EXAMPLE 3

In this example a series of extrusion runs were performed to determine the consistency of metering of ivermectin into a dog food mixture during extrusion. In each case, the farinaceous mixture included the following ingredients (all percentages on a weight basis): corn—35.93%; poultry meal—28.94%; rice—22.95%; corn gluten meal—11.98%; vitamin premix—0.10%; and mineral premix—0.10%. Three ivermectin-containing liquids were prepared, containing: Recipe #1, propylene glycol—8.60 pounds; water—8.60 pounds; red #40 dye—160 grams; ivermectin solution—0.212 ml; Recipe #2, propylene glycol—8.60 pounds; water-—8.60 pounds; red #40 dye—160 grams; ivermectin solution—0.433 ml; Recipe #3, propylene glycol—8.60 pounds; water—8.60 pounds; red #40 dye—160 grams; ivermectin solution—1.279 ml. In each run 8.0 kg of a respective ivermectin recipe was added to the farinaceous ingredients at the exit of the preconditioner, prior to entering the extruder barrel. The recipes were added at a rate equal to 2% of the farinaceous mixture rate. The target for the runs using Recipe #1 was 6 μg ivermectin/kg of feed; for runs using Recipe #2, 12 μg/kg; and for runs using Recipe #3, 36 μg/kg.

The extruder system employed was a Wenger model TX 57 twin screw extruder with a model 2 DDC preconditioner. The extruder barrel was equipped with an extrusion die, a knife assembly was used to cut extrudate.

The following table sets forth the preconditioning and extrusion information collected during this series of runs. In runs 101-103, Recipe #1 was used; in runs 104-106, Recipe #2 was used; and in runs 107-109, Recipe #3 was used. As the extrudates emerged from the die, they were cut using the knife assembly and dried in a Wenger multiple-pass drier. Samples were collected at 15 minutes, 30 minutes and 45 minutes from the preconditioner, extruder and drier.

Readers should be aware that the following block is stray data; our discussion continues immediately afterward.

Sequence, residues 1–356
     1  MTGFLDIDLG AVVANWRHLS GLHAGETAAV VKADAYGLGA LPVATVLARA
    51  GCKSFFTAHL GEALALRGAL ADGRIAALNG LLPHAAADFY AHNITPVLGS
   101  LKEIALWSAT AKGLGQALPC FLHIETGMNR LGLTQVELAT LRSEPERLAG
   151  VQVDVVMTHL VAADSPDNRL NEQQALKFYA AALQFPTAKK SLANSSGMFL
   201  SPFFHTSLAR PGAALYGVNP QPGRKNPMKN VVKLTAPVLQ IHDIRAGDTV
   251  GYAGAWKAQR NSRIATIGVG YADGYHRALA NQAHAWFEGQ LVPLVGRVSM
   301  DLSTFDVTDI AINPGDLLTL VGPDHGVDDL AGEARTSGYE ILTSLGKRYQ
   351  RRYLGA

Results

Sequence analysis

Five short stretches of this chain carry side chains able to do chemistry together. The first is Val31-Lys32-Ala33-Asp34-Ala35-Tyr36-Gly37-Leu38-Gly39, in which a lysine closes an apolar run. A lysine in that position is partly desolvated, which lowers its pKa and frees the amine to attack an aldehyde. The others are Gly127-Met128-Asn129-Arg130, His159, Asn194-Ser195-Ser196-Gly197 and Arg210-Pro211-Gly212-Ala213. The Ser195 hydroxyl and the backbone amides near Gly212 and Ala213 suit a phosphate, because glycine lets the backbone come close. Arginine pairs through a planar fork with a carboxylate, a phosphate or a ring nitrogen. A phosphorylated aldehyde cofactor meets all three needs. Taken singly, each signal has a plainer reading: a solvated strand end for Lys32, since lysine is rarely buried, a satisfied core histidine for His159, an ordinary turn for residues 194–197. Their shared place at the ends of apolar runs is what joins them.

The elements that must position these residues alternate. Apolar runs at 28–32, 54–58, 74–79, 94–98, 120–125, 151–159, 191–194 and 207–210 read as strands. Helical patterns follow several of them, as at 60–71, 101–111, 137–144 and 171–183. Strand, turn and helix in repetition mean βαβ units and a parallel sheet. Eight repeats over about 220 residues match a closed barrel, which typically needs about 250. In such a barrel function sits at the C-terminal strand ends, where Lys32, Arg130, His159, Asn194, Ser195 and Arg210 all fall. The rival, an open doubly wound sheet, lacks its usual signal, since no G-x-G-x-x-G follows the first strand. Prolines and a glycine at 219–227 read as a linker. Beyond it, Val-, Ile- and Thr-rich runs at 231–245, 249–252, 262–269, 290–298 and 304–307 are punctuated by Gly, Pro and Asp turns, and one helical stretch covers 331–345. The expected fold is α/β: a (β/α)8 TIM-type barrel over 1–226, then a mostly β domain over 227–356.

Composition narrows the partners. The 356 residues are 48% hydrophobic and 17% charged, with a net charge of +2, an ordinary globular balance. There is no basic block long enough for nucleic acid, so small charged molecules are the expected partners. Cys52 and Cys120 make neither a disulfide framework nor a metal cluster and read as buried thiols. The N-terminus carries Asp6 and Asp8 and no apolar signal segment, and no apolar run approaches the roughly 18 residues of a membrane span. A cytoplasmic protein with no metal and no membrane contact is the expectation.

TABLE 3
101 102 103 104 105 106 107 108 109
DRY RECIPE INFORMATION:
Dry Recipe Density kg/m3 494 494 494 494 494 494 494 494 494
Dry Recipe Rate kg/hr 400 400 400 390 392 390 387 397 392
Feed Screw Rate rpm 48 53 55 49 52 52 56 54 54
PRECONDITIONING INFORMATION:
Preconditioner Speed rpm 350 350 350 350 350 350 350 350 350
Steam Flow to Preconditioner kg/hr 36 35.8 35.9 36.1 35.9 35.8 36 36.1 35.9
Water Flow to Preconditioner kg/hr 48 48.1 48.3 T47.7 47.9 48.1 48 48.2 48.1
Preconditioner Additive 1 Rate kg/hr 8 7.9 8.05 7.8 7.95 7.84 8.12 8.03 8.02
Preconditioner Discharge Temp. ° C. 86 85 85 86 86 86 85 85 85
Moisture Entering Extruder % wb 16.26 17.04 19.14 18.96 16.47 18.18 16.14 18.97 18.98
EXTRUSION INFORMATION:
Extruder Shaft Speed rpm 426 427 425 427 426 426 426 426 425
Extruder Motor Load % 53 45 61 54 52 67 49 51 52
Steam Flow to Extruder kg/hr 12 13.1 709 8 7.9 8 8.1 8 8